Te Wae Wae Station, Map BH39
Wed 22 May 2013
The day’s tramp was through a large block of native bush on the Te Wae Wae Station, inland from Putorino (quite a long way inland, actually), on map BH39. As on our previous visit, we were cordially greeted at the gate by our host and guide for the day, Ian. The weather had improved as we drove in, to be perfect with a clear blue sky and only a light wind. It’s a pity there were only seven of us out to enjoy the day.
After a short ride on the back of Ian’s ute, we set out along what had been, before Cyclone Bola, the station access road but has now reverted to a broad forest track taking us into the stand of native bush which Ian and his neighbour have covenanted to preserve for future generations. Predator control is ensuring good regeneration and protection of the older trees. Young tanekaha and rewa rewa were everywhere.
Ian led us along reasonably defined tracks obviously used for predator control. He knew where to find all the interesting groves and giant trees and led us out to high lookout on a rock platform above the Te Hoe River for an early lunch. What a great place for lunch, with views up the Hautapu River and along the Te Hoe to the junction with the Mohaka with Te Kooti’s Lookout looking down on it.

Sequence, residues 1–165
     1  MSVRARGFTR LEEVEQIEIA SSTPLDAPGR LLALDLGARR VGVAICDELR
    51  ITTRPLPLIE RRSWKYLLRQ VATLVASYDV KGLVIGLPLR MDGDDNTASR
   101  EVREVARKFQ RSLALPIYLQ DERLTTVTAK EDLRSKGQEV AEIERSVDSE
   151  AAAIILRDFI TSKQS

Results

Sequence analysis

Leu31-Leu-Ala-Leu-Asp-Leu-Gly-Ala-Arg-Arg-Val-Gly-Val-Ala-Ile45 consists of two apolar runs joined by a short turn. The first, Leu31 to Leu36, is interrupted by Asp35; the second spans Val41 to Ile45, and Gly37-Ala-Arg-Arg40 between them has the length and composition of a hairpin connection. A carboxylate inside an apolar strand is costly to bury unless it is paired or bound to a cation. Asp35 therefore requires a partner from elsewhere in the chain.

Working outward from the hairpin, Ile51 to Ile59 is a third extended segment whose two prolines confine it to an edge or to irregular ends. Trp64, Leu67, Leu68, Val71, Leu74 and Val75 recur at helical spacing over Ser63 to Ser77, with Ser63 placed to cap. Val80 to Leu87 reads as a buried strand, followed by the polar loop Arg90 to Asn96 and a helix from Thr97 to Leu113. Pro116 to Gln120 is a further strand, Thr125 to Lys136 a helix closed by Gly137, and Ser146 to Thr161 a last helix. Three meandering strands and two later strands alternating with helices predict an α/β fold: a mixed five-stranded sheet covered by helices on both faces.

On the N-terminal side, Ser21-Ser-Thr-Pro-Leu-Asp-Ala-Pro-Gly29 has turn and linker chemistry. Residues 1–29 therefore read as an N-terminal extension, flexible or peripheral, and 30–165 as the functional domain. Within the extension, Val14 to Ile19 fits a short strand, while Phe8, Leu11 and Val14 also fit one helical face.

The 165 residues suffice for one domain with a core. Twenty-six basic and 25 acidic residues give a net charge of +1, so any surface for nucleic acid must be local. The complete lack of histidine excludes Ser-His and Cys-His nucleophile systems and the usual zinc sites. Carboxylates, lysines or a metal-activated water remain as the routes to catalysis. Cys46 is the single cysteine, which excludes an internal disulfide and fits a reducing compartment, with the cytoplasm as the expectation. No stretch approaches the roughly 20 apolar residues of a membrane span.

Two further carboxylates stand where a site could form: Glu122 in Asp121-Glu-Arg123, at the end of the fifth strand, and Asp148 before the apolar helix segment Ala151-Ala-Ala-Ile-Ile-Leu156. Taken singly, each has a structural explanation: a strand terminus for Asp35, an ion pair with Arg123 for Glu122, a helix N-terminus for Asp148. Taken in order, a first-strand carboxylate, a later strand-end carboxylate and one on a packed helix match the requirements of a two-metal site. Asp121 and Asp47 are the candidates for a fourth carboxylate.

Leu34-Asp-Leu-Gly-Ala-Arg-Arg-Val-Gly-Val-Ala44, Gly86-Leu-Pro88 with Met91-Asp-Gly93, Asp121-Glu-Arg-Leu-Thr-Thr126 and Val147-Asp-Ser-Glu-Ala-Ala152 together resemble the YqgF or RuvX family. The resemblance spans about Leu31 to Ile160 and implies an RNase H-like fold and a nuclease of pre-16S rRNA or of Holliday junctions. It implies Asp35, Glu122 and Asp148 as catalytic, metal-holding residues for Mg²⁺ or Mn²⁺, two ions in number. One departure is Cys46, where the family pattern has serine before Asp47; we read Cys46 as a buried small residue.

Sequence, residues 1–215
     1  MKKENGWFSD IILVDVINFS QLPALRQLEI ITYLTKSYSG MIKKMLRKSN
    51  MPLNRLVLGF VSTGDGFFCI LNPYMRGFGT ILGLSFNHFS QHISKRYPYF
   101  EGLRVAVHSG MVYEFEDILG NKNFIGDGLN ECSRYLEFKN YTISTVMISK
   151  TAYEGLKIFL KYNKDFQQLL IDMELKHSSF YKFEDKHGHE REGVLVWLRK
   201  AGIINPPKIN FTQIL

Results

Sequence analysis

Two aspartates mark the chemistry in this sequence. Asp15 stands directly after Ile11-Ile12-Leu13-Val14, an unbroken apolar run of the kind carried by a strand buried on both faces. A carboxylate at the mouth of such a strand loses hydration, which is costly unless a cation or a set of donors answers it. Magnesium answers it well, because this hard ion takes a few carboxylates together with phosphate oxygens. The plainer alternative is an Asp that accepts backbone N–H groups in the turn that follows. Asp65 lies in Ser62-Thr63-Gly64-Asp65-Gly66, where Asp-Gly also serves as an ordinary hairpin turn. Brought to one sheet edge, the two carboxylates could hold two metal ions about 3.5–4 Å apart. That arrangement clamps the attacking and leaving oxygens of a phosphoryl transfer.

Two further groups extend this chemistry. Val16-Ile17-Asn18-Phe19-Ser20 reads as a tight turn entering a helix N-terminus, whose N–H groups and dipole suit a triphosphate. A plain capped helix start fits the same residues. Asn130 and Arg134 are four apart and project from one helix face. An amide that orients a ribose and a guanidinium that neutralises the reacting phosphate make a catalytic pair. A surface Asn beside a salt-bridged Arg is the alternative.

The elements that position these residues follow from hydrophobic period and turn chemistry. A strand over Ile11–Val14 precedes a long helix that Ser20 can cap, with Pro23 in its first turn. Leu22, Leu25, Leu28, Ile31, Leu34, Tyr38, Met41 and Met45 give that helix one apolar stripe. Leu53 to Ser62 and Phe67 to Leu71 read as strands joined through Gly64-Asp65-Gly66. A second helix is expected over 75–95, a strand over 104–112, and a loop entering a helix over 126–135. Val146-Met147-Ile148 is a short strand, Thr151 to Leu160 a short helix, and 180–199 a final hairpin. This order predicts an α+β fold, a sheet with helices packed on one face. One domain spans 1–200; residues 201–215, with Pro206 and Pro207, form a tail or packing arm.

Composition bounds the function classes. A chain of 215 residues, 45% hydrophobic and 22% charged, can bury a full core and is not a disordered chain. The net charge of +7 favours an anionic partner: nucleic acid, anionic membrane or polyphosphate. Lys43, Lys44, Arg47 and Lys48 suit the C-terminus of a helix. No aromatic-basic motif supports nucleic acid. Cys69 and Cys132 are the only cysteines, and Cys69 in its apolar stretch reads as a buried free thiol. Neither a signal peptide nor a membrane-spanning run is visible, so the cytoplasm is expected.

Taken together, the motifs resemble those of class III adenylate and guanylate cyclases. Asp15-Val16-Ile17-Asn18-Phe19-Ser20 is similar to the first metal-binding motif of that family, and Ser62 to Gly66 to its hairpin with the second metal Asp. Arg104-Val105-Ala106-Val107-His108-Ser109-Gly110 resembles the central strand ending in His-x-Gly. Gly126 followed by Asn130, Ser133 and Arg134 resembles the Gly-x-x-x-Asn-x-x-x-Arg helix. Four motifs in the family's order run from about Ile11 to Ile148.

After lunch, we encountered a very accommodating young morepork/ru ru. It was very happy to sit on a low branch and pose wide-eyed for our photographs. We exited the bush onto farmland for an encounter with a topdressing plane putting rock super onto Ian’s farm. Then it was along farm tracks and up via Honeymoon Cottage Hut to the ute.
After a cup of tea with our host/guide, it was back into the van for the long trip home. (We don’t often have the chance to sit in armchairs for our after-tramp cuppa.) We all agreed we had had a very good and interesting tramp with great views and were appreciative of Ian’s input to ensure we had a good day.
Trampers: Kelvin Shaw, Peter Slagter, Paul Exeter, Robyn Smith, Dorothy Sole, John Marshall and reporter Ken Ross